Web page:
Where a, raise was designed to connect two levels, it has frequently been possible to select a starting point such that the raise would be continuous in Ore, whereas in any other position it would have to cross a fault before reaching the level above. In the West Gray Rock mine, it was estimated by projections that the faulted segment of a certain vein between two faults would only be a few feet in length on the 800-ft. level. The development work at the time was limited on this level, and the calculations had to be made from positions known on the 1,000-ft. level, where the faulted segment was considerably longer. In order to make the raise in ore continuously from the 1,000- to the 800-ft. level, it had to be placed in accordance with these calculations. The result was entirely successful, and the raise through this wedge-shaped block of ore reached the 800-ft. level at its very apex.
In another case, the geologic cross-sections and plans showed that the La Plata fault was nearly parallel in strike to an east-and-west vein. The dip of the vein, however, was steeper than that of the fault, so that in the stopes the fault generally encroached upon the work and presented all the appearance of a hanging-wall of the vein. The stope became narrower and the operators considered it a pinched place in the vein. The stope would probably never have reached the level above if the geologic conditions had not been understood. When the ore was finally cut off raises were continued from the top of the stope, but designed to cross through the fault and to make the fault a foot-wall rather than a hanging-wall. By this means, the ore above the fault was encountered at its lowest point and the stope continued to the level above. This procedure underground was suggested by studying that portion of the section, Fig. 1, which shows the La Plata fault and the Gray Rock east-and-west vein between the 1,200- and the 1,300-ft. levels. Fig. 1 is a cross-section through the West Gray Rock mine, and is typical of the 100-scale sets of sections carried for all the mines.
An important discovery made through a somewhat different agency is represented in Fig. 2. The main drawing is a portion of the 40-ft. scale map of the 1,800-ft. level of the Mountain Con mine, and the small sketch is a reproduction of the 20-ft. scale notes upon which information the discovery was made. It will be seen that without any geologic notes the drift No. 1824 would appear to be a drift on a continuous vein, and in fact it was stoped as such. The notes, however, displayed a significant difference in character between the westerly end, from which the work progressed, and the easterly end. The notation on the map indicates this difference. The westerly portion exhibited the character of a quartz-pyrite vein, which it was known to be, but as the drifting continued the exposures were characteristic of the northwest fault vein system, notwithstanding the apparent continuity of the vein. This led to an investigation of the stope and the small sketch here reproduced was made. It showed these differences clearly to the geologist, and also the departure from the stope of the clay portions of the fault.
Accordingly, the cross-cut No. 1869 was run, and it encountered the faulted portion of the quartz-pyrite vein now being mined in drift No. 1828. As this drift
was advanced westerly it intersected the fault vein as shown, and proved the correctness of the theory. After this discovery the development of several other levels became merely a matter of projection.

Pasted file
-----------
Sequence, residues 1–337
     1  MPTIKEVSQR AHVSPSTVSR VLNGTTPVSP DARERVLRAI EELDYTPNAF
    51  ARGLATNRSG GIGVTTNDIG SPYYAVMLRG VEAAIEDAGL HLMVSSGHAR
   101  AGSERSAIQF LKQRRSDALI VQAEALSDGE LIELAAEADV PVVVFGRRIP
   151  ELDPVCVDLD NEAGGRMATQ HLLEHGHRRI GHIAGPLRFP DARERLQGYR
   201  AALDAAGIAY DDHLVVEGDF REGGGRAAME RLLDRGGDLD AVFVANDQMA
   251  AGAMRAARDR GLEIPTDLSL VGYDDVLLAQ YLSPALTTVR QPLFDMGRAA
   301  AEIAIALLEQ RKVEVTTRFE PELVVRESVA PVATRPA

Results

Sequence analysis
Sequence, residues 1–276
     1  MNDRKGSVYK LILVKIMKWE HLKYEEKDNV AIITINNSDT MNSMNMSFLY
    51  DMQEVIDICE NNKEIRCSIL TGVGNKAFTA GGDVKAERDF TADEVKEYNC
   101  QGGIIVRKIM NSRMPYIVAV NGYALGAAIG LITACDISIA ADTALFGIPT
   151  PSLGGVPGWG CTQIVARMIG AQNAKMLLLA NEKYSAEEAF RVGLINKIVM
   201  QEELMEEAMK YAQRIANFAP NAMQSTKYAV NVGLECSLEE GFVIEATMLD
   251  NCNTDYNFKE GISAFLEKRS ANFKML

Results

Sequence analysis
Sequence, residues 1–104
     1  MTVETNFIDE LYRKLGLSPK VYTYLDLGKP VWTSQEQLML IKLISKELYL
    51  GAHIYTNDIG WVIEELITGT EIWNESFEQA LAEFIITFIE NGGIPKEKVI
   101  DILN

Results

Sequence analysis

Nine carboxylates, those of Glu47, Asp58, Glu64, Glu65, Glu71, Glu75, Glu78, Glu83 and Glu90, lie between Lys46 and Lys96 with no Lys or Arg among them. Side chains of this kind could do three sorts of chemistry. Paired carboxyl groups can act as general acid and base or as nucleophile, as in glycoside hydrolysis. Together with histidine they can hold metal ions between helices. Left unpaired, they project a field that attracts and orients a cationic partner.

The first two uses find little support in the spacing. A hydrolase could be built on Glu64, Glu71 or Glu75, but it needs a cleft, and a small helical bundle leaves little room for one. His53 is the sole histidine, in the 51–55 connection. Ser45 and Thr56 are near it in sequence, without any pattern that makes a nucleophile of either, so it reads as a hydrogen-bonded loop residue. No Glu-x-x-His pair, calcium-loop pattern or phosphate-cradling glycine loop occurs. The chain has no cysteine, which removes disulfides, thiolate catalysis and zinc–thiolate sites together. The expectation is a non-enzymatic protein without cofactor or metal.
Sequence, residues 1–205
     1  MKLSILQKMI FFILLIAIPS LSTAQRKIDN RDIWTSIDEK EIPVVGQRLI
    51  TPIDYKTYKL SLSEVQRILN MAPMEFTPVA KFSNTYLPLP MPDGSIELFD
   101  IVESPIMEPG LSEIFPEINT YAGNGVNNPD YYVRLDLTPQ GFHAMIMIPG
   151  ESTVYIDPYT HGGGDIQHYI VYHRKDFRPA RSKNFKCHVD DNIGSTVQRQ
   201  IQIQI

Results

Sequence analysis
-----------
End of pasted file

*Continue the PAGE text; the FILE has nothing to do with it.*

Fig. 3 represents a portion of the 40-ft. scale maps of the 1,100- and 1,200-ft. levels of the West Gray Rock mine. It will be seen that the south-dipping east-and-west vein on the 1,100-ft. level lies north of the north-dipping Corra fault while on the 1,200-ft,. level
these positions are reversed. The cross-sections clearly showed a displacement of the vein by the fault. The ore above the 1,100-ft. level was stoped to the 1,000 continuously in good ore and a stope was being worked above the 1,200, but, as shown on the maps, this stope could not reach the 1,100 on account of the fault. The ore on the 1,100 did not come down to the 1,200, for the same reason. The small section A-A shows these, relations. It was therefore required to determine a point on the 1,200 from which a vertical raise could be run to intersect the vein as nearly as possible at its line of intersection with the fault. In other words, a vertical raise was to be so located as to reach the very bottom of the ore below the 1,100. A large-scale cross-section was drawn, making due allowance for the drag ore near the fault, and a course was given to the surveyor for the lateral drift No. 1218 in accordance with this section. The raise was to have one offset from the sill and to be vertical. The result of the work is shown in the small section in Fig. 3. Practically the bottom of the ore was encountered in this raise.
In Fig. 4 there is reproduced a portion of the 100-ft. scale maps of three levels of the High Ore mine, also a portion of the 40-ft. scale notes which led to the proper development of these levels. The map marked 300 Modoc shows a wide vein of good ore known as the Modoc vein. It was supposed that the entire drift was on this vein until the geologic notes showed that such was not the case. The portion near the shaft was barren; and the dip shown there was opposite to that, at the east end. Bands of fault clay passed out of the drift as shown in the notes. It was decided that there were two veins exposed in this drift. At this time the drift on the level below ; (700 High Ore, see Fig: 4) had been abandoned at the point C. By carefully projecting the Modoc vein with its south dip from the 300 Modoc and also the other vein which is called the Edith May with its north dip, it was found that the line of intersection of these, two veins would cross the level of the 700 High Ore at a point beyond the face of the old drift. Drifting was therefore continued in order to reach this determined point, and a certain amount, of the north wall of the Edith May vein was broken so as to see the ground north of it. Within a few feet of the predicted intersection the Modoc vein was found and was stoped continuously to the level above. The next move naturally was to get the faulted portion south of the Edith May vein, which was accomplished as shown on the map. This information could now be extended to the next level below. The development work on the 900 High Ore had only reached the point D, Fig. 4, but the line of intersection of the Modoc vein and the Edith